Emily Murphy

Fight To Change The Law- Declared Women To Be "Persons"

Background Information

Full Name: Emily Murphy (née Ferguson, pen name Janey Canuck)
Born: March 14th 1868 in Cookstown, Ontario

Died: October 27th 1933 in Edmonton, Alberta

Family: Her family consisted of successful business workers, political leaders, lawyers and including two Supreme Court judges


(Susan Jackel)

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Emily Murphy's Impact

-She was a writer, journalist, magistrate, political and legal who changed the world for women

-Social activist

- Emily Murphy was appointed police magistrate for Edmonton, the first woman magistrate in the British Empire in 1916

- Well known for her role in the persons case, which was a successful campaign that declared women “persons” under the eyes of British law

-Self-described rebel who fought for womens equality, even if her actions were rebelious accorinding to Canadian laws, morals and vlaues

-Outspoken Feminist: was a voice for women across Canada and to a point for women across the world for their right to vote

-Controversial figure


(Susan Jackel)

Legal Issues

Women's Rights


  • Emily Murphy was very engaged in social issues, and took to speaking on issues of unjust social conditions and injustice issues towards women.
  • Had a strong becoming concerned about the widespread of poverty particularly the welfare of women and children
  • In Canada property law gave women no rights, and if a husband sold a property and moved out, the wife and children could be left with nothing legally.
  • Murphy spent years of campaigning to overturn the unjust property law, in 1916,
  • Eventually the Alberta legislature passed the Dower Act, giving women a legal right to 33% of their husband’s property. The output of the legislation gave women the power of legal recourse.
  • Due to campaigning and new law brought upon the government let women have the right to vote and be declared persons. (Alberta women got the vote in 1916, Canadian women in 1919)
  • Women were not allowed to vote because they were not considered persons in the law and only persons (meaning men) were allowed to vote
  • Views upon women voting:
-They’ll get hurt:It was an unsafe place for anyone, really, but it was particularly inadvisable to show up in a corset and hoop skirt.

-It’s taunting God: If God had wanted to give women the vote, he would have made them men.

-It’s pointless: Women would just vote the same way as their husbands and sons.


(Janie Stuart)

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Actions for Change

Persons case


  • Formed a group to take action, campaign, protest, and fight to women's rights
  • Famous Five: Emily Murphy, Nellie McClung, Louis McKinney, Henrietta Edwards and Irene Parlny.
  • Went to supreme court to fight for women rights for equality, the right to vote and be declared persons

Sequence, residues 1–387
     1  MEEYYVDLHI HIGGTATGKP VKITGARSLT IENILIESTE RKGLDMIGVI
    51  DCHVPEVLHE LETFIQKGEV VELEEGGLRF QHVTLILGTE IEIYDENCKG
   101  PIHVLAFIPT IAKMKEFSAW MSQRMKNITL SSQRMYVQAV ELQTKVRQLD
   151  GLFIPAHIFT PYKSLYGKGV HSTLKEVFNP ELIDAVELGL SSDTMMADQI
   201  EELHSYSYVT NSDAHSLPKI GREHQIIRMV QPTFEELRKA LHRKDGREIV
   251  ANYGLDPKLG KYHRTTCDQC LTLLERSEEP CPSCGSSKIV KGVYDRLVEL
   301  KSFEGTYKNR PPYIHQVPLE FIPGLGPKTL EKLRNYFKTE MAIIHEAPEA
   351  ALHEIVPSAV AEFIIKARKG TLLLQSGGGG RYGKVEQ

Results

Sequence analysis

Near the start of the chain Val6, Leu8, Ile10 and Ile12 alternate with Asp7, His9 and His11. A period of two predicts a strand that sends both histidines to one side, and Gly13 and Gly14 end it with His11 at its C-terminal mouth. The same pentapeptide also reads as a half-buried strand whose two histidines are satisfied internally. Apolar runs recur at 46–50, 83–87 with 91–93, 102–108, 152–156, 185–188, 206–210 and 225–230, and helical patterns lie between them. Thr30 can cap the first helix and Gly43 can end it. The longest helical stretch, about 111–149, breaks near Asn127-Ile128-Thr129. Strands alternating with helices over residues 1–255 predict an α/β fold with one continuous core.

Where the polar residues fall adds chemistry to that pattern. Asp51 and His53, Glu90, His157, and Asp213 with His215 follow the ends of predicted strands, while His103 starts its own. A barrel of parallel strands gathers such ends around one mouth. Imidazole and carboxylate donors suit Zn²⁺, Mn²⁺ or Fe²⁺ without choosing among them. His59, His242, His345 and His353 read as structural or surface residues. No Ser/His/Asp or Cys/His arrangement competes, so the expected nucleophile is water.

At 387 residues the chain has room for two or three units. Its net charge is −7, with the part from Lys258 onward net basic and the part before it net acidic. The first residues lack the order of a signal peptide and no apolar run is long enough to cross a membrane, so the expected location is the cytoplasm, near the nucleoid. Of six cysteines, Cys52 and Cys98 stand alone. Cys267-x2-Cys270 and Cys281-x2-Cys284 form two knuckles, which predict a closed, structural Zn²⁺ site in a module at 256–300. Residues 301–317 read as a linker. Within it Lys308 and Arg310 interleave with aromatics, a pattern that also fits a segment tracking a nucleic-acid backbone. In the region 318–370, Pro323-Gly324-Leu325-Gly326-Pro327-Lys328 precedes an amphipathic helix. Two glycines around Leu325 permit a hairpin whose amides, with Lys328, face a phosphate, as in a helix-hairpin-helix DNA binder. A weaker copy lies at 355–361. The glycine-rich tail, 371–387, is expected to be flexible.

• The Supreme Court of Canada ruled that women were not “persons” according to the BNA

  • Constitutional ruling that established the right of women to be appointed to the Senate
  • The Persons Case opened the Senate to women, allowing women to work for change in the House of Commons and the Upper House.
  • Legal recognition of women as “persons” meant that women could no longer be denied rights based on a narrow interpretation of the law.
  • Murphy to embarked on a decade-long campaign to have women declared legal "persons"



(Susan Munroe)

"We want women leaders today as never before. Leaders who are not afraid to be called names and who are willing to go out and fight. I think women can save civilization. Women are persons."

- Emily Murphy - 1931

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Persons Case Impact

  • The persons case was very successful because it declared women as "persons" legally for the first time in Canadian history

  • Women were legally declared persons so that meant women are now legally eligible to vote

  • There were some set backs towards some women. By 1918, some women were granted the right to vote. For many other women, their race, ethnicity and religion still burdened them from the vote, but women had motive now to fight for equality and right. The Universal Right to Vote in 1963 and the addition of the equality clause in the Canadian Charter of Rights and Freedoms in 1985 that the right to vote could not be denied on the basis of race, national or ethnic origin, colour, religion, age, mental or physical disability, or gender.

  • the courageous women who challenged the existing status of women are now part of the historic landscape of Canada.

  • the Five women who created legal history in women's rights by contesting the notion that legal definitions of persons excluded females. If women were not legally persons, then they had no rights.

  • If it wasn't for Emily Murphy and the Famous Five as a female in Canada I would not have the rights that I have today, if it wasn't for their hard dedication and work for fighting for women's rights

  • This led to a huge impact towards Canadian laws and then had a global impact for other countries in the world to have the same legal rights as Canada